Freelance Designer 101: Your First Contact with a Client

March 2024 Edition

Hey guys! 👋 

I am starting a new practical series called “Freelance Designer’s Coffee”.

I will be sharing practical tips, guidelines and processes on how to be a successful freelancer.

In this edition, I will focus on the first contact with a potential client: what are some necessary steps to have a good beginning of your relationship, stay confident and align expectations.

Ready? Let's dive in.

Client Process for Freelance Design Projects: First Contact

Recent Designer layoffs have started a new trend — Senior UX/UI & Product Designers seeking alternatives to full-time roles in a competitive market. Some jumped into side hustles, launched their own startups or simply decided to start freelancing.

This year I started freelancing too, and I realized that coming back was really easy for me. The reason is an established client & project management process. It’s a skill or more like a set of rules that stay with you.

So I wanted to share with you the client process I’ve been using for the last 5 years for most of my freelance projects. In this edition, I will cover the initial contact, project discussion and call summary.

📩 Initial Contact

Most likely the first message from your potential client will be generic and won’t give you enough information. So you have no idea how big the project is or if it’s something you can even do.

Example 1: Hello! I am reaching out to redesign our mobile app. I really loved your work on [product].

Example 2: Hi there, Looking to make a design sprint and build a responsive website. Would love to setup a time to chat. Thanks!

🔎 Asking clients for more details

Personally, I don’t like jumping into calls unprepared or wasting both my & the client's time on discussing a project I can’t help with.

So before suggesting a chat, I ask for some more details about the project to understand the approx. scope & client’s freelance maturity (it’s always nicer to work with clients who know how freelance works and you’re not their first hire).

Example reply for website redesign project: Hey! 👋 Thanks for your interest in my work! To better assess your project needs, could you share:

  • Your website URL and areas to improve.

  • Goals for the redesign (e.g. higher conversions).

  • Any specific features or requirements for the new design.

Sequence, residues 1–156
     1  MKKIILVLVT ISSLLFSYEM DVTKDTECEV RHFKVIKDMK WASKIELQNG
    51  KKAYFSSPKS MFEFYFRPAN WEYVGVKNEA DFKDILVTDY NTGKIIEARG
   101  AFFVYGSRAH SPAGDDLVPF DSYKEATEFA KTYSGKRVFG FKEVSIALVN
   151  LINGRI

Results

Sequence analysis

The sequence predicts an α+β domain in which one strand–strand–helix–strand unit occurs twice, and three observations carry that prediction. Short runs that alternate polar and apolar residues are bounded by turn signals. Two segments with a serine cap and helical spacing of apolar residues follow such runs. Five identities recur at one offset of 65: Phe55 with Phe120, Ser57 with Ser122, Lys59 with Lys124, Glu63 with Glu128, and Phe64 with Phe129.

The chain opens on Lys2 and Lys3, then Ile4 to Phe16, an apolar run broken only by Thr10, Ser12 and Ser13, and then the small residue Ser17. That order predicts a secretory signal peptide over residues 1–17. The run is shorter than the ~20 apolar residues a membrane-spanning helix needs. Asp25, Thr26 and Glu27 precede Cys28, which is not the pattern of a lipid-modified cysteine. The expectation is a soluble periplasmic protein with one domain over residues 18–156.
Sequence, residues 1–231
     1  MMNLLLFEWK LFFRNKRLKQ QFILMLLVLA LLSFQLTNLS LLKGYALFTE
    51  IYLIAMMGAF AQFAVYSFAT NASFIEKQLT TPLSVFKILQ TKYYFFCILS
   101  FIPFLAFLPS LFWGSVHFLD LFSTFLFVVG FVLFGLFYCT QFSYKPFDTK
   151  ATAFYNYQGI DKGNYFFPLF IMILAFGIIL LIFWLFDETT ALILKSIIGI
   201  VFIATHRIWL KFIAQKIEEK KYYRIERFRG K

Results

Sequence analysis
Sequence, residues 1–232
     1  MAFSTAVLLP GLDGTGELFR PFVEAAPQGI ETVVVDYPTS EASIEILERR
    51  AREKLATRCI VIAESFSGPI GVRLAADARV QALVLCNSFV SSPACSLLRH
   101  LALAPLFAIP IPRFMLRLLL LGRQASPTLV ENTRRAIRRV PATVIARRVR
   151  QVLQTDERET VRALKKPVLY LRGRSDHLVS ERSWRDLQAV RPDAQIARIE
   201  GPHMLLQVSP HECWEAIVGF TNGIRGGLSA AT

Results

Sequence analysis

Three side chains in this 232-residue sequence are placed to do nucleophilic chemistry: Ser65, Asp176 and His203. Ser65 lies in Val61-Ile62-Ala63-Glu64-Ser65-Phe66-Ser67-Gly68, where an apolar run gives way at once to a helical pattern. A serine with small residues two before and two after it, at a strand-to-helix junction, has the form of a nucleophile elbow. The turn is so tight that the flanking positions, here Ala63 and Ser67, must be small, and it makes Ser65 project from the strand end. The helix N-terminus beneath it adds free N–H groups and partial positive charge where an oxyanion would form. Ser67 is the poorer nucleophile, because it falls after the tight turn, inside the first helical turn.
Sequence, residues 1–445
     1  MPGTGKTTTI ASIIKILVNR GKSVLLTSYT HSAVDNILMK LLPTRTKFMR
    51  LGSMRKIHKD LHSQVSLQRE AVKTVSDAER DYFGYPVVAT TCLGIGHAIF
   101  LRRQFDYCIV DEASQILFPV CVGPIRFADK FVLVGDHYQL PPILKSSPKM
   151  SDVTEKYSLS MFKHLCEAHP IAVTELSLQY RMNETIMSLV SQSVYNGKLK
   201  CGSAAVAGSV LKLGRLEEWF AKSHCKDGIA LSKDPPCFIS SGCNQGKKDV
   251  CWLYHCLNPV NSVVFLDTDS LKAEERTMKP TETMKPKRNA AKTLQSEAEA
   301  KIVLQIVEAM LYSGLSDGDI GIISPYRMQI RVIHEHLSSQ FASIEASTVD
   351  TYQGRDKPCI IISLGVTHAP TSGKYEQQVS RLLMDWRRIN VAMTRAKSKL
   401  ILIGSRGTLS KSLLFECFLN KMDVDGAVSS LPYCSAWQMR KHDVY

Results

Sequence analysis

• Your competitors and inspirational websites.

  • Your target audience details (e.g. location, interests).

  • Your ideal timeline for completion.

This will help me provide a rough estimate. For reference, 5-page redesigns start at $2,000. Let me know if this fits your budget and feel free to ask any questions or provide further details.

If a client can answer these questions immediately, you’re dealing with a client who knows what they want and understands their goals. This is a green flag to continue the conversation.

☎️ Preparing for your first chat with a client

For scheduling calls, I use Calendly or Notion Calendar (it allows me to connect my multiple Google calendars). Using these tools lets your client select the most comfortable times from your availability.

For the meetings themselves, you can go with the two most popular options - Zoom or Google Meet. Google Meet is easier since it doesn’t require an installed app.

I also suggest keeping the first chat short, around 30 minutes. You don’t want to waste time if it’s not a good match.

Preparing for your first chat with a client | kristi.digital | Kristina Volchek | Designers Coffee Newsletter

Once the time is booked, you need to prepare for your call. If your client provided you with some project details, you’re in a better position already. If not, there are some things you can still do to be more prepared.

  1. Write down your questions. It seems obvious, but you can forget about them once you’re stressed talking to a new person.

  2. Research project industry, competitors, and the client’s product. Make sure you understand what your client does, and some basic jargon and terminology of their industry.

  3. Explore the website and look for problems. Do you notice any bad UX practices? Does something feel odd on the website? Are there bugs?

  4. Look for inspo. Especially if you are not familiar with user flows or design patterns in that industry — spend some time on Mobbin to go through similar experiences.

Preparing for your first chat with a client checklist | kristi.digital | Kristina Volchek | Designers Coffee Newsletter

🎥 During the first call with your client

Be friendly and more casual, the freelance world is way simpler and less wordy than corporate. Start with small talk to minimise the awkwardness of meeting for the first time.

Small talk is not just for etiquette. It helps you understand your client better. Learn about their location and working hours, unique challenges and attitude to work.

Small talk during the first call with your client | kristi.digital | Kristina Volchek | Designers Coffee Newsletter

Intro calls with clients are less about you and more about the client and their problems. You don’t want to take all the time talking about yourself and your experience.